I’ve done so much traveling during my exchange semester in Sydney, I did not really find the time to post about all the amazing places I have visited and experienced. But this has got to change now. Let me start off with one of my highlights.
Here is my Fiji Travel Guide for Broke Exchange Students.
When you happen to be on the other side of the world, you should definitely exploit the fact that you are much closer now to certain places – So I decided to take the 300€ flight from Sydney to Nadi, an amazingly cheap deal considering you would probably pay more than 2000€ flying there from Europe. But to be honest, I only knew the Fiji Islands from the movie The Truman Show, in which the main character so desperately wants to go to this remote and beautiful place. So… I kinda wanted the same thing. I teamed up with two other exchange students and we decided to just go, knowing we would try to spend the least possible.
In Fiji you don’t book an accommodation – you book islands
When visiting Fiji, you do not go prepared; you go with the flow. We had nothing planned for our trip, we only got some advice from a couple of people who already went there. The only thing we had booked was the flight and our first stay at the hostel in Nadi, the main city in the west. The reason was that we wanted to be spontaneous and get the best offers from the locals. Highly recommended to us was the Bamboo Hostel, which was full of students and young people from all over the world, where we stayed in a 32-bedroom (!!!) for like 12€/night. Sounds horrible, but the hostel had an amazing fireshow, pretty good food and most importantly, really cool people.
So on the first day we sat together with the local travel booker from the hostel and made up a plan for the next 5 days. The woman told us that in Fiji you don’t book an accommodation – you book islands. A little geography lesson for you: The Fiji Islands are, as the name implies, a collection of many little island groups. Each island has a maximum capacity for carrying people, which is why you kinda “book the island”. Also, each island is rated with stars, like a hotel.
When the Cheapest Islands still feel like Paradise
One island group is called the Mamanuca Islands and known to be the backpacker islands, since it is one of the cheapest options – perfect for us broke students. After calculating through all options, we decided to spend two nights in Beachcomber Island and another two on Bounty Island before a last night back on the mainland. Booking an island you basically get everything inclusive: the transfer to the island on a boat and back, the accommodation, breakfast, lunch and dinner buffet, towels and an amazing entertainment slash getting to know the great, great Fijians living on the island. Let me give you some more info about those islands – I know this is what you are waiting for.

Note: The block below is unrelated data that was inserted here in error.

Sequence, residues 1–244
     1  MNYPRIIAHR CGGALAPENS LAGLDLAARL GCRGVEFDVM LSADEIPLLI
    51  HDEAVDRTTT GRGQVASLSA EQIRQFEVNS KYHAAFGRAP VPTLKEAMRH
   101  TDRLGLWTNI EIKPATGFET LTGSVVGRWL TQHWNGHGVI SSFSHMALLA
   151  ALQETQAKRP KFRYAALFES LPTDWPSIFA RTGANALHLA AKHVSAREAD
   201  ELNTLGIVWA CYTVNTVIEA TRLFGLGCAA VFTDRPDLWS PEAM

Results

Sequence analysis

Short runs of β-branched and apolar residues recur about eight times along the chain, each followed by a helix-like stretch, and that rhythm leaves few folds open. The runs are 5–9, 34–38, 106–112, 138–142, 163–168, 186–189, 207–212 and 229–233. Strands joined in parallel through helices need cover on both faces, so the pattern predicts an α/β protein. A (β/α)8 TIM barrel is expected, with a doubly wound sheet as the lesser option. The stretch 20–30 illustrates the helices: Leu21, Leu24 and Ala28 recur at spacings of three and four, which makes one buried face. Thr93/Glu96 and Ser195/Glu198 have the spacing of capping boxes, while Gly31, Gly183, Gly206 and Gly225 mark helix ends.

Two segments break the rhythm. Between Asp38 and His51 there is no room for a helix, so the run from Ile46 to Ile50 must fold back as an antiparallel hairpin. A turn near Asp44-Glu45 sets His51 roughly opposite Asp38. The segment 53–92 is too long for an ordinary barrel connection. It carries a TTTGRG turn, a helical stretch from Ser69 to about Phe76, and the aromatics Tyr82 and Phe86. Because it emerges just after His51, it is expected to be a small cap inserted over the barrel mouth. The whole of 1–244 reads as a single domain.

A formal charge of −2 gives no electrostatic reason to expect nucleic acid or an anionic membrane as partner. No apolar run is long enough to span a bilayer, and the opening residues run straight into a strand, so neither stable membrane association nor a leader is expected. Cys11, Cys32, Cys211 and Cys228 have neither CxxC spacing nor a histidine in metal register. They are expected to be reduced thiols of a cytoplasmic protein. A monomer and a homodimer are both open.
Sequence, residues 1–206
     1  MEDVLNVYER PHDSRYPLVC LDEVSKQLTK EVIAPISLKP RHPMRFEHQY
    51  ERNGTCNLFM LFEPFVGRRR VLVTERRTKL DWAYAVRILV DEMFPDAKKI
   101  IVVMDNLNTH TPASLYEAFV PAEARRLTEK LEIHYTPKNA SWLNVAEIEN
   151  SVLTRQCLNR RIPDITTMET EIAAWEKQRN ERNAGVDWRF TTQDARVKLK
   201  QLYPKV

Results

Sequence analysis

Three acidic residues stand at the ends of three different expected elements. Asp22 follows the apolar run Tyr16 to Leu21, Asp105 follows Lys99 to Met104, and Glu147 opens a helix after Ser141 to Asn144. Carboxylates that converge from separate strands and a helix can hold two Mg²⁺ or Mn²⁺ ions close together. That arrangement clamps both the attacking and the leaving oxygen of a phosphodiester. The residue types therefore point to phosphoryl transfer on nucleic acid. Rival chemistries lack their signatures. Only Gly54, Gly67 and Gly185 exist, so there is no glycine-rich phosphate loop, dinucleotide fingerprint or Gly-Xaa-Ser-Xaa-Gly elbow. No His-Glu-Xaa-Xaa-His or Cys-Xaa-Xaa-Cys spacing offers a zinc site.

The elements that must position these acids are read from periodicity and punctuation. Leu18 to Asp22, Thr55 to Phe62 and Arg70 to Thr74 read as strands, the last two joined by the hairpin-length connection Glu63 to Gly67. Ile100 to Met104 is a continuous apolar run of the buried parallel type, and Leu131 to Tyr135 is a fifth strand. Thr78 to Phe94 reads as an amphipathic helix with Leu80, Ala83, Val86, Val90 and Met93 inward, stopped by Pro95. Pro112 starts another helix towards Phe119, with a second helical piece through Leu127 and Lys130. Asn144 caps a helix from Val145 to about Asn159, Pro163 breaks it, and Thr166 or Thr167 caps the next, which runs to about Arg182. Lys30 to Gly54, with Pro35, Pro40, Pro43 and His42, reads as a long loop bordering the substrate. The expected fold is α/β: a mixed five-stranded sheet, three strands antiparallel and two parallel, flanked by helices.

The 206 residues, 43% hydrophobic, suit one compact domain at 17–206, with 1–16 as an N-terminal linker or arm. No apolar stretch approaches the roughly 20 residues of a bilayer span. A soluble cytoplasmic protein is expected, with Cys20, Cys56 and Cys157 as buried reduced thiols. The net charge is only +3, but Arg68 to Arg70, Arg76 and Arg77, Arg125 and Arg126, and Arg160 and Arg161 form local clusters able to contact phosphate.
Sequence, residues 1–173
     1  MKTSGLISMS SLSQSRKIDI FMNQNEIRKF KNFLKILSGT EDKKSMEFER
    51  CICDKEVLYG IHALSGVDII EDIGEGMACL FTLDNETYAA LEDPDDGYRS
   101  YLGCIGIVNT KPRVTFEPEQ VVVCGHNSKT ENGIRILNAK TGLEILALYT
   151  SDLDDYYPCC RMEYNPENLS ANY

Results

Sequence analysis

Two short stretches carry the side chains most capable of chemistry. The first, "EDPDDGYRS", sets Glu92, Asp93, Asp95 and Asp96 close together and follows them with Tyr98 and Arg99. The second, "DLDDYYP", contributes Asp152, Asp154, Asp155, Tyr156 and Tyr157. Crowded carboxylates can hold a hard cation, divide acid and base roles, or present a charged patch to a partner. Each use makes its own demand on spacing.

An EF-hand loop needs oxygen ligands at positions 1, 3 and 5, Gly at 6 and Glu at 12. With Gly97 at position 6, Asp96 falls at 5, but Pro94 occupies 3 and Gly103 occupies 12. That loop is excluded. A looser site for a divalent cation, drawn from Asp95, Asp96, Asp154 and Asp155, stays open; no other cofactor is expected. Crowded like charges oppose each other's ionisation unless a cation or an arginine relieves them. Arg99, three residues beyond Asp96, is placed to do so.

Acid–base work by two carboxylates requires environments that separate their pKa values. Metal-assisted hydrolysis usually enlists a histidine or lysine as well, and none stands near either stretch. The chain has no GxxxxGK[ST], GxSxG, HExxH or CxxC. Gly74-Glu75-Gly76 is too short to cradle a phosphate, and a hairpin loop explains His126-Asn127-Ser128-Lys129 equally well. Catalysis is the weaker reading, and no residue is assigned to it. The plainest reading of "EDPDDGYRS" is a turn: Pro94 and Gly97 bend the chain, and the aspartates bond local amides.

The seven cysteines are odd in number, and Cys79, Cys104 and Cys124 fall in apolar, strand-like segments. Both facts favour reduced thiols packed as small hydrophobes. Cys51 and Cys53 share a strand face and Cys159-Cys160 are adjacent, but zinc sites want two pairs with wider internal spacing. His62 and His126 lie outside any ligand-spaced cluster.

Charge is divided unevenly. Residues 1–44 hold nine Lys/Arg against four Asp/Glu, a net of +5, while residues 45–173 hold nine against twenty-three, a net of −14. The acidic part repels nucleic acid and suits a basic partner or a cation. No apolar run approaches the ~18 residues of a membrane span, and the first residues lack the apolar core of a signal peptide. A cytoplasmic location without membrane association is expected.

- Beachcomber Island had a capacity of like 40 people and was somewhat mid-priced within the Mamanuca Islands.. You sleep in a super cool wooden shack, sunlight enters the room in the morning and fans create a light, fresh breeze. Waking up in a bunk bed could never be more relaxing I think. Beachcomber is so tiny, you can walk around it in 15min. The sand is white and soft and snorkeling is also possible. They say it’s the party island, however when we were there it was pretty empty – we did not mind though. The funny local DJane still played her songs every night and it was fun listening. It was definitely my favorite island.
- Bounty Island: This island was a little bit more expensive than Beachcomper. The reason we decided to go there was probably that we were thinking we are going to the island which is always shown in the Bounty Chocolate ad. Well, that was not quite the case, but it was still a really amazing island.
- Nadi: Beaches at the mainland are not that great, but there are a bunch of other activities you can do, like visiting temples and markets, hiking or going to their famous mud pools. We decided not to book any activity (you know… broke-student-life) but we took a bus into the city and discovered the main road with its shops and a nice Buddhist temple.
They say Fijians are the happiest people on earth
Yes the beaches are great, the water is extremely clear and the sun is just perfect – but one thing that fascinated me the most were the Fijians themselves. I have never ever met such nice people. The moment you enter Fiji, a group of Fijians already stands at the airport, sings and plays the guitar. And you know what? It does not seem like a tourist thing – I truly believe they loved that they were making music and with that, other people happy. This was also the case when we went into the city and met real locals in their daily life. They were always so friendly, helping out when we looked clueless, with a constant smile on their face. I don’t know why they are so happy, but maybe the more appropriate question would be why are we not happy most of the time. A little sidenote – you find people of all believes in Fiji living side by side in harmony. Muslims, Christians, Hindus… It was really nice to observe that.
So, when going to Fiji, be open and get in touch with the locals. Have a Kava (You know when you get there!!) and sing with them in front of a bonfire. It makes you reflect so much about yourself and the way we live our life. What does matter, what doesn’t matter. I remember the calm nights on the island, talking for hours with my friends about life and the future, looking at the bright stars.
Fiji is more than just a pretty place – it’s a little escape from the life you know.
Watch my Travel Video: